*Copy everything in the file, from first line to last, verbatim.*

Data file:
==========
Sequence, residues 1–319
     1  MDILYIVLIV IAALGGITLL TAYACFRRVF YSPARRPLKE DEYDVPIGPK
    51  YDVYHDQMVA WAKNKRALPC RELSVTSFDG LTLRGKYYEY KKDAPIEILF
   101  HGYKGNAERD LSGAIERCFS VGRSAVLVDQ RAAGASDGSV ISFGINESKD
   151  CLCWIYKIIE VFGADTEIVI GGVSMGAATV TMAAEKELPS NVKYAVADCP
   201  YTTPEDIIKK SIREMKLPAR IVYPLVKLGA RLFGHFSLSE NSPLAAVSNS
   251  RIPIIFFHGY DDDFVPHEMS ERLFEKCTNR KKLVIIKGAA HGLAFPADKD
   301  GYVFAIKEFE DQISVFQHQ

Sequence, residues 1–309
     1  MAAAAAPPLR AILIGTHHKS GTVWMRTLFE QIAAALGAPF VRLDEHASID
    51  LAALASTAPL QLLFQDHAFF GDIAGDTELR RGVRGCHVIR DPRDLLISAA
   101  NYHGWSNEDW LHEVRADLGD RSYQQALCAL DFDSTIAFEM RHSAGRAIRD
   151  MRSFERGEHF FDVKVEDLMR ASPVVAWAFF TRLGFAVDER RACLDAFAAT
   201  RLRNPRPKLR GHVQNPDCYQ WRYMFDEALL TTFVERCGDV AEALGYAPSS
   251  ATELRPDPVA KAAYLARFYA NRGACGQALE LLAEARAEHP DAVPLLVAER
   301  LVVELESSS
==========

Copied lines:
Sequence, residues 1–319
     1  MDILYIVLIV IAALGGITLL TAYACFRRVF YSPARRPLKE DEYDVPIGPK
    51  YDVYHDQMVA WAKNKRALPC RELSVTSFDG LTLRGKYYEY KKDAPIEILF
   101  HGYKGNAERD LSGAIERCFS VGRSAVLVDQ RAAGASDGSV ISFGINESKD
   151  CLCWIYKIIE VFGADTEIVI GGVSMGAATV TMAAEKELPS NVKYAVADCP
   201  YTTPEDIIKK SIREMKLPAR IVYPLVKLGA RLFGHFSLSE NSPLAAVSNS
   251  RIPIIFFHGY DDDFVPHEMS ERLFEKCTNR KKLVIIKGAA HGLAFPADKD
   301  GYVFAIKEFE DQISVFQHQ

Sequence, residues 1–309
     1  MAAAAAPPLR AILIGTHHKS GTVWMRTLFE QIAAALGAPF VRLDEHASID
    51  LAALASTAPL QLLFQDHAFF GDIAGDTELR RGVRGCHVIR DPRDLLISAA
   101  NYHGWSNEDW LHEVRADLGD RSYQQALCAL DFDSTIAFEM RHSAGRAIRD
   151  MRSFERGEHF FDVKVEDLMR ASPVVAWAFF TRLGFAVDER RACLDAFAAT
   201  RLRNPRPKLR GHVQNPDCYQ WRYMFDEALL TTFVERCGDV AEALGYAPSS
   251  ATELRPDPVA KAAYLARFYA NRGACGQALE LLAEARAEHP DAVPLLVAER
   301  LVVELESSS